Suggestions that the "One Man Show" article was unfair and that I deliberately set out to show Marc in a bed light should now be seen as erroneous. The petition recently passed around the school proved categorically that many students are unhappy with the lack of will manifesting itself in the council, its manic fear of upsetting the status quo and its inability to focus and enlarge student will. What exactly are they up to? Is the council to represent us or the conservative stagnation of administrative doctrine? Whose council is it any way? The goal of the petition, I hope, was not to see heads roll, but to set eyes a twinkling with a clearer view of reality. As an editor of this, dare I say, tactile weapon of the student consciousness, I demand a public apology from Marc as a representative of the entire student council, and if none is received that we declare nuclear war and wipe out the whole lot of them.


Please note: a meeting will be called next week for all those interested in the election of the next president after Marc leaves. Watch out on the notice boards for when and where.

S.L.C. Teachers Acquitted on Murder Charge

A turn out for the books indeed: It was suggested to me by a half crazed English teacher, whose name (Bob McBride) I promised never to disclose even under threat of torture, that St Lawrence students lack of will to participate in out of class activities is the result of the heavy burden of home work and pressure to attain high marks. He went on to say that indeed perhaps the social lives of students are effected too. Could it be? Are the teachers in our school systematically killing, yes killing, the social lives of their pupils? This reporter decided the situation needed close examination, that this charge of murder must be put on trial. The only course of action seemed to be to conduct a survey which would be broad enough to settle things once and for all, yet obscure enough to allow for generous jiggling of the statistics and thus prove any point that took my fancy. It was in this direction that I began to move, slowly, admittedly, but I did move none the less. I moved right on down to the cafeteria where I sat with my friends, put my feet up, my hands down, and my nostrils on the table, and decided to conduct the poll some other day.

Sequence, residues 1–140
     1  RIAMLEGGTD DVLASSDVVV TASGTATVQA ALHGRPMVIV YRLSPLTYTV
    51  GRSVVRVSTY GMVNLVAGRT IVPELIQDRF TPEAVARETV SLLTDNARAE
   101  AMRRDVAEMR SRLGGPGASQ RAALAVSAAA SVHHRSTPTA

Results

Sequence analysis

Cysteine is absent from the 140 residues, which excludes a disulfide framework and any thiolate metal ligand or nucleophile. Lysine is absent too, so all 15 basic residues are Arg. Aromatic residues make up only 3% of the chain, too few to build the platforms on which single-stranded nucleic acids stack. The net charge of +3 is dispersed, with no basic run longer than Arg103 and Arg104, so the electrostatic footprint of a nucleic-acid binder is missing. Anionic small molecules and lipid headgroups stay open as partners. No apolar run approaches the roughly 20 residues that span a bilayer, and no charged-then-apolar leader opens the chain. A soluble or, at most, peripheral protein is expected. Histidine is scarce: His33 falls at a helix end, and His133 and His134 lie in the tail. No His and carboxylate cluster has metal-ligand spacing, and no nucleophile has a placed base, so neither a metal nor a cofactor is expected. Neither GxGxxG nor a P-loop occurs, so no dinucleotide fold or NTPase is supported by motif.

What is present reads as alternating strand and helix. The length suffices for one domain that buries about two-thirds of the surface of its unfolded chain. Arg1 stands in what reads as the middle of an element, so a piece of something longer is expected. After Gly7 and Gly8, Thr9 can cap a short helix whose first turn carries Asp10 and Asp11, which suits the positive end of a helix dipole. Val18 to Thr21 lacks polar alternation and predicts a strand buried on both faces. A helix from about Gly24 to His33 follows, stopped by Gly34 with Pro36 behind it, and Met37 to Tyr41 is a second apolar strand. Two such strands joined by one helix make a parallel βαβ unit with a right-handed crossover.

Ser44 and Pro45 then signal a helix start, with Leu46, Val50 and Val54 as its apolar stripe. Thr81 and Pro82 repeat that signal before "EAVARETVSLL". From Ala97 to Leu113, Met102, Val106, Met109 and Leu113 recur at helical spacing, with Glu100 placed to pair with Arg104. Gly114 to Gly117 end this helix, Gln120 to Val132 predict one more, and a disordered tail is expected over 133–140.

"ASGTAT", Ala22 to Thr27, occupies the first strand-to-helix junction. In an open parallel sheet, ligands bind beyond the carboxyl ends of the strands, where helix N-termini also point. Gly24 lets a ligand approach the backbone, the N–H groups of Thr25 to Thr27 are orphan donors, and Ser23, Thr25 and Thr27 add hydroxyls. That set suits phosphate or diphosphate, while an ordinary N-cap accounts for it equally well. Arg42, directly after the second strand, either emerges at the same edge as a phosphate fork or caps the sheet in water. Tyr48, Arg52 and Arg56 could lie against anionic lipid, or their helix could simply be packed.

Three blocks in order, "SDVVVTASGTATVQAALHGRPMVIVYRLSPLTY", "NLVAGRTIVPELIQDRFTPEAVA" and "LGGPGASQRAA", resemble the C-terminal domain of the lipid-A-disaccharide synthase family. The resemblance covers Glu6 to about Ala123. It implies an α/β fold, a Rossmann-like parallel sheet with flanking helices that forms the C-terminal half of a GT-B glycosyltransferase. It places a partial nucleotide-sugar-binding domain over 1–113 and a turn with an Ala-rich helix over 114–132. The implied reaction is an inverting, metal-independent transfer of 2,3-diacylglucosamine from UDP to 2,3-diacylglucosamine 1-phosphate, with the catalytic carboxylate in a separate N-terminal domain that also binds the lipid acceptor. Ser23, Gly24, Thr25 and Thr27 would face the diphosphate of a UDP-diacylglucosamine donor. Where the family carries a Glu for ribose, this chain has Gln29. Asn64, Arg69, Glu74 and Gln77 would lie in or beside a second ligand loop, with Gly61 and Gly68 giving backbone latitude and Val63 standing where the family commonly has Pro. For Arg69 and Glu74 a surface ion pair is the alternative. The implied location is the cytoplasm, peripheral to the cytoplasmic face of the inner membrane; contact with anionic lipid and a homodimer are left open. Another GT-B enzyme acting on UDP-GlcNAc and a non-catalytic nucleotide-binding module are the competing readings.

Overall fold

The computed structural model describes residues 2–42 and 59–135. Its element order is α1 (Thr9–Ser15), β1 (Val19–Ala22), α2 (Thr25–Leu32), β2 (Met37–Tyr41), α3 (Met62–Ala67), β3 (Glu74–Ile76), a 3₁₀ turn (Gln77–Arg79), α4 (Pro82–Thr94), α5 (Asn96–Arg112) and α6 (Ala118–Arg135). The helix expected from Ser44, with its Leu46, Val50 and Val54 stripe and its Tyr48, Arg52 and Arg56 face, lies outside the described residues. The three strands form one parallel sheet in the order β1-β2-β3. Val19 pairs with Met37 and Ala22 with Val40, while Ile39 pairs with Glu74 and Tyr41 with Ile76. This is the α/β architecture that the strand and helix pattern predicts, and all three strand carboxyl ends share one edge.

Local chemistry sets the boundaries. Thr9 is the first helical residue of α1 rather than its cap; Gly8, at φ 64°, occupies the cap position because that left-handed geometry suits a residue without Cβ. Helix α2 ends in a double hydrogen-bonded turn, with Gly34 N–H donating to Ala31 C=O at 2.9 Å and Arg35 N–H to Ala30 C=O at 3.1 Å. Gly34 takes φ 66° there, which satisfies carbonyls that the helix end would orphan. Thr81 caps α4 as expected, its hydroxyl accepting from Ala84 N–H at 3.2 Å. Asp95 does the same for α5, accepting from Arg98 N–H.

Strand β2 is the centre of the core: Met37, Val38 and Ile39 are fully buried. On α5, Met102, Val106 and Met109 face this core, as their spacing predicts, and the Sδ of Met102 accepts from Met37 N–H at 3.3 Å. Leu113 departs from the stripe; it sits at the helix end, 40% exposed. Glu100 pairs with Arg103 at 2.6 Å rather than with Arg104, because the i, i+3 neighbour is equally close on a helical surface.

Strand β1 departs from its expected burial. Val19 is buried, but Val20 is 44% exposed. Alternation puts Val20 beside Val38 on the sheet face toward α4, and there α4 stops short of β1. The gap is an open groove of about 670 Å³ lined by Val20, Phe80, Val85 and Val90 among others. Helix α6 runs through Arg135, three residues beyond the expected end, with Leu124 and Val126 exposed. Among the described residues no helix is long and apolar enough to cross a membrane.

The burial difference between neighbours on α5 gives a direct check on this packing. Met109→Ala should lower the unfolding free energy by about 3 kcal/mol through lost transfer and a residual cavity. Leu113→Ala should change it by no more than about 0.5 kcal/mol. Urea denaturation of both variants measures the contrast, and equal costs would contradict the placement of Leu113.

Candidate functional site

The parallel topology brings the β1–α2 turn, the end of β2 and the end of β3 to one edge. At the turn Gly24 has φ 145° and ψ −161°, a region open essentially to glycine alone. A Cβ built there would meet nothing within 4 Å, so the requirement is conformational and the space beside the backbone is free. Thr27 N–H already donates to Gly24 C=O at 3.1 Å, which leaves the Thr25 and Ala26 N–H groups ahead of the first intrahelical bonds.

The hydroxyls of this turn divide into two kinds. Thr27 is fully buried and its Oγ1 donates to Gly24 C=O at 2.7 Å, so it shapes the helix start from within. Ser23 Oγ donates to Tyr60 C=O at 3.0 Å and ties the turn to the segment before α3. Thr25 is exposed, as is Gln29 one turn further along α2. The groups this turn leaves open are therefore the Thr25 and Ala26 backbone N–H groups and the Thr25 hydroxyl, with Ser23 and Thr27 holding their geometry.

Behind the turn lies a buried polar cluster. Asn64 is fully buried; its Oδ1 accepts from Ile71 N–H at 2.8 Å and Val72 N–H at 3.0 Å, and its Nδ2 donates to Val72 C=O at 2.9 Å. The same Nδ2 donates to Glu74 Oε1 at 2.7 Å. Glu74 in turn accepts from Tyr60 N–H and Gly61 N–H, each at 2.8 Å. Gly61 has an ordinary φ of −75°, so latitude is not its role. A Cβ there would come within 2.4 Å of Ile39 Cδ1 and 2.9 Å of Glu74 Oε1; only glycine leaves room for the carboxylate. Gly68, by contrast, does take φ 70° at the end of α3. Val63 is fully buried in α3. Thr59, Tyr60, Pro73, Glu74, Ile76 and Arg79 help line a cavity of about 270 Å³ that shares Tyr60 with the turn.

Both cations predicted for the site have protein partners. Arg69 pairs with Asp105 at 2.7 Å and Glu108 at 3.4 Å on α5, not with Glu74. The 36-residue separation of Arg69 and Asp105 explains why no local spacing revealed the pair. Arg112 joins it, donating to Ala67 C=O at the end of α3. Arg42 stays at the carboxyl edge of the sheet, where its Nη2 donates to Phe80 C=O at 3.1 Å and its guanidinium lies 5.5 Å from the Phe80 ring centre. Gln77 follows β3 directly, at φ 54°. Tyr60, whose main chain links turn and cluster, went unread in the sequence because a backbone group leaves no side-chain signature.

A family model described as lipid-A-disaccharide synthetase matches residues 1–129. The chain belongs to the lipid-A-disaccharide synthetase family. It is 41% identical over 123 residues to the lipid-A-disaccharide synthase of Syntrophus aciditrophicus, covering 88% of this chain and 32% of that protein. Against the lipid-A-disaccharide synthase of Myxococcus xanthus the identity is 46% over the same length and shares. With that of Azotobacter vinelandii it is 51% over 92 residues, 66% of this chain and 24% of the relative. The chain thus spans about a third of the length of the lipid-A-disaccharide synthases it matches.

Finally it was done, but shock horror, the answers I got were not the ones I wanted. I decided ignore my better instincts, forget about being a journalist and for once speak the truth, no matter how distasteful it might be:

One hundred students were questioned and the results were quite astounding. More than fifty percent believed that their home work load was quite fine thank you very much and they had no complaints. I said, " Are you sure?" and they replied "Yes." No complaints, not too much home work. Needless to say I was aghast. What the hell is the world coming to? I pondered aloud to myself, drawing a few strange glances from passers by in a note book I keep in my pocket. Further, many of the other students who said indeed they did have too much home work added that they didn't do it any way! What then is the reason for this incredible lack of participation? Take BROADSIDE as a perfect example: A medium now exists through which students may speak directly to every other person in the school, to share ideas and feeling, to say what ever is on their minds; and what happens? Nothing. Hardly anybody bothers. Why is there such lack of will? Why is this lethargy running rampant in our corridors? What has happened to the spirit of rebellion which in other generations has caused blood to be spilled and illegal substances to be consumed? Where is the defiance, the solidarity, the desire to belong? And then, as I sat on the bus on the way to choir practice, it came to me all of a sudden, as if from God, (who happens to be a good friend of mine, who often asks my advice and even laughs at my jokes). Yes it came to me, I finally figured it out. I realised that though you all look like students you are nothing more than programmed clones fabricated by the Conservative party of Canada and planted here to ensure that nothing ever happens and that nothing ever will; a life time guarantee that there will be no change. It all suddenly made sense.